Extended Permitted Development Rights unveiled in the Chancellor’s recent Spring Statement could create issues concerning Right To Light for homes near retail units.
That’s the view of a building consultancy which says the decision by Philip Hammond to allow upwards extensions through PDRs - revealed in his statement as a way of helping the flagging High Street - has been overlooked but may provoke problems to come.
Trident Building Consultancy says that in the absence of a planning process to scrutinise projects - PDR effectively removes that scrutiny - then Right To Light will become serious for buildings near those extended upwards.
TBC says that because daylight and sunlight assessments are usually a component of a planning application, they are required to be addressed at an early stage in the process.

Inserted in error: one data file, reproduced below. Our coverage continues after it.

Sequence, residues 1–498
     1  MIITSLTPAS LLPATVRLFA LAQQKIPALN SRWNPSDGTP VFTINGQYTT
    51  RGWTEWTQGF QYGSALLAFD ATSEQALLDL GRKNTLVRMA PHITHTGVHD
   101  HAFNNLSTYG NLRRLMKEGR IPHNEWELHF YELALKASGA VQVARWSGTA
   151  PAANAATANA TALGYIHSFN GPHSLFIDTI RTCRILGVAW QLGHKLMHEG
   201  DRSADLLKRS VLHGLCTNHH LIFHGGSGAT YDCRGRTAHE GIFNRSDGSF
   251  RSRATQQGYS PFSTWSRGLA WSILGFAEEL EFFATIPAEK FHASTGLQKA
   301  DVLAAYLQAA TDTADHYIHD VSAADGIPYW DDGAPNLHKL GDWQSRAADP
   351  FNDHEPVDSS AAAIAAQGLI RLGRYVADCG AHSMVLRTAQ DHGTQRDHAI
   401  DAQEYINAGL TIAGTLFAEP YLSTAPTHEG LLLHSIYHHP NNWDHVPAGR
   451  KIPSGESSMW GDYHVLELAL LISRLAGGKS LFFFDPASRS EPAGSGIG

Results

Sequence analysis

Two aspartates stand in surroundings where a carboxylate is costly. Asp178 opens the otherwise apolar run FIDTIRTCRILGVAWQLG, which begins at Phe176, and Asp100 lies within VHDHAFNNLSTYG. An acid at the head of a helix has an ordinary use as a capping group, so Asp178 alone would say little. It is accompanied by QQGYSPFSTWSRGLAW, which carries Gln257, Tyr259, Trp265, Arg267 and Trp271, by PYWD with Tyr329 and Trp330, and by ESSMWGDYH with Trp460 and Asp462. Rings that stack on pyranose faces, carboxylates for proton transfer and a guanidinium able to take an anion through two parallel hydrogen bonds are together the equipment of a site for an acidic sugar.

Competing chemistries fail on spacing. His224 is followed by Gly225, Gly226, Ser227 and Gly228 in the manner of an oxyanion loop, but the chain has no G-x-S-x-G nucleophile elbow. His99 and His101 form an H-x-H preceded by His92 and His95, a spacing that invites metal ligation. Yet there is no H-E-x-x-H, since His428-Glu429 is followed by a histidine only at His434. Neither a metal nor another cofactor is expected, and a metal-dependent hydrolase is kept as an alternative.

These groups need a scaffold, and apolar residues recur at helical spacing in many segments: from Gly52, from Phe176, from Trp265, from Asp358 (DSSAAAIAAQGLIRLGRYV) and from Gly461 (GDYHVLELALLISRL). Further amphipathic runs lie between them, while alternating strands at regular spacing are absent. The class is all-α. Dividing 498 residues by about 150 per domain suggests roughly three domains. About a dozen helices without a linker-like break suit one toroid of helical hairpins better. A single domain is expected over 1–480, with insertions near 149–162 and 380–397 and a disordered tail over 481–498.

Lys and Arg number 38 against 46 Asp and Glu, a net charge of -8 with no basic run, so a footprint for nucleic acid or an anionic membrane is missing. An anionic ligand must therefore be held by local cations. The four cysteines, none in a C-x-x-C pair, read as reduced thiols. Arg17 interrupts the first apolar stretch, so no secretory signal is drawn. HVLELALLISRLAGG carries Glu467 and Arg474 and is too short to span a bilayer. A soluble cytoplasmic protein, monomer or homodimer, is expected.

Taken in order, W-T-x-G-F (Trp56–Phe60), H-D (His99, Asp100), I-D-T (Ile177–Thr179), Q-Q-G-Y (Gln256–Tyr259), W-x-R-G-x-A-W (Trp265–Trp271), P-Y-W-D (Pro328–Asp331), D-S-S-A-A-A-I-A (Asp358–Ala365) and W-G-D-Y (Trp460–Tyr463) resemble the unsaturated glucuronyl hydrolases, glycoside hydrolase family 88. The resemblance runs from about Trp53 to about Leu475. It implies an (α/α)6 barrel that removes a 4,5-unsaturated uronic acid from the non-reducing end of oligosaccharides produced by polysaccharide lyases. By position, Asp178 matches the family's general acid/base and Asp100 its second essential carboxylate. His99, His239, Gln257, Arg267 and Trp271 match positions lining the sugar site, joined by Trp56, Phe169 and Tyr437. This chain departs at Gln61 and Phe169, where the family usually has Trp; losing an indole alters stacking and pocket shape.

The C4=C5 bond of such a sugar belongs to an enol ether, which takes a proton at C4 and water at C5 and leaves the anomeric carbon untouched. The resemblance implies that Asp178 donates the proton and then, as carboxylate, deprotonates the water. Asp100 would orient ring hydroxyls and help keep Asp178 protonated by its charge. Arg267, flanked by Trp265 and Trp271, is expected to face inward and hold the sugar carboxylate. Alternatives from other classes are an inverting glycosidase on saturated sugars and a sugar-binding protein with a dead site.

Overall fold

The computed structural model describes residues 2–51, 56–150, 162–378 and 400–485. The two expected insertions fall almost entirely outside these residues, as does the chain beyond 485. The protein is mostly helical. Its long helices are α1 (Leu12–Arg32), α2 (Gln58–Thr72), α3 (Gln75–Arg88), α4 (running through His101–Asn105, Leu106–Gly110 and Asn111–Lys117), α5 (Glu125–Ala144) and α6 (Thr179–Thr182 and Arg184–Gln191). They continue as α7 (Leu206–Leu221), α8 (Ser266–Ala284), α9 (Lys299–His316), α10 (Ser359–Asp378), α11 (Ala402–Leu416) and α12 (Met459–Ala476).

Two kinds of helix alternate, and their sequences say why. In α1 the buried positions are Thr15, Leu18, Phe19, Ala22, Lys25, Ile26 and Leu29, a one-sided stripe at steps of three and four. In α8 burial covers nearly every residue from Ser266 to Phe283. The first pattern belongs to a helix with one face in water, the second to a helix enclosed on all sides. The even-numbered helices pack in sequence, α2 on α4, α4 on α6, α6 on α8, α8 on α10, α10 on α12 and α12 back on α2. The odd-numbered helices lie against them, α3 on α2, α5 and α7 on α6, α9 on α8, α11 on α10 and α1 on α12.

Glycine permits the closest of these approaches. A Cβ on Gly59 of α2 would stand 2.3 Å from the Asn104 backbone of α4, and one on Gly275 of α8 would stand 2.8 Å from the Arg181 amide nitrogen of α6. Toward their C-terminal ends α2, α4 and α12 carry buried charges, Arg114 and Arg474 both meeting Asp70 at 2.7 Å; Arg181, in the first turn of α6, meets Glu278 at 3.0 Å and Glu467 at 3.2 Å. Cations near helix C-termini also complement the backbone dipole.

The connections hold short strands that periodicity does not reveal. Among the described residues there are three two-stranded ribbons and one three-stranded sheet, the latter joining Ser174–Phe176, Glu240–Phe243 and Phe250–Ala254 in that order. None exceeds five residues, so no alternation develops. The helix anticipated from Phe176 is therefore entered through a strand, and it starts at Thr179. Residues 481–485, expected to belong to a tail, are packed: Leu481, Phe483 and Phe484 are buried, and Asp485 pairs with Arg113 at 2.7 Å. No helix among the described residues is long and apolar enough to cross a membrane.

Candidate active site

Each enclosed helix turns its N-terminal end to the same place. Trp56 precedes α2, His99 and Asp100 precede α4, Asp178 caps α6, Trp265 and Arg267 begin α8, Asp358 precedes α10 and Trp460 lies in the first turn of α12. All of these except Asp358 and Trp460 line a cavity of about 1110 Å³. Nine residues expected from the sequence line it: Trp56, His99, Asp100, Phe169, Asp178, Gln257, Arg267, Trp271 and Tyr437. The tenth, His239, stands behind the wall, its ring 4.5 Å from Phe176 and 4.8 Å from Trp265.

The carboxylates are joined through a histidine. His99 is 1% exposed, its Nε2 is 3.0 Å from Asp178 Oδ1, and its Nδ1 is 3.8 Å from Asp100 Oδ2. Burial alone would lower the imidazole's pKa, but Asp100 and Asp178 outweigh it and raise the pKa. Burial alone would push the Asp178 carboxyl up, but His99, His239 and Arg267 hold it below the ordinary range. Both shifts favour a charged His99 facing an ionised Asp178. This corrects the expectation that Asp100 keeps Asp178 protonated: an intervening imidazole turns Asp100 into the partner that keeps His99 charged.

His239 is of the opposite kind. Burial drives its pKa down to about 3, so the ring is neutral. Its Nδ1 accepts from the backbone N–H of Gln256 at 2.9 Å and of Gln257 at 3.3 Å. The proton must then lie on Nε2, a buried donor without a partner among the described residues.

The planning system then requires local residents to be consulted on a planning application; but the building consultancy says that with this step removed, developers could potentially proceed unaware of any objections.
TBC says eventually an injunction could then be used to halt the construction while the issue was settled.
There is a precedent for this: in 2010 a court ordered the demolition of the top storeys of a building in central Leeds Leeds because it obstructed a neighbour’s natural light.
“The likely result of this change in policy is that we will see an increase in the number of both investigations and claims. Although we anticipate that the PDRs will take into account issues including overlooking and overshadowing, it is unclear how this would be implemented” says the consultancy.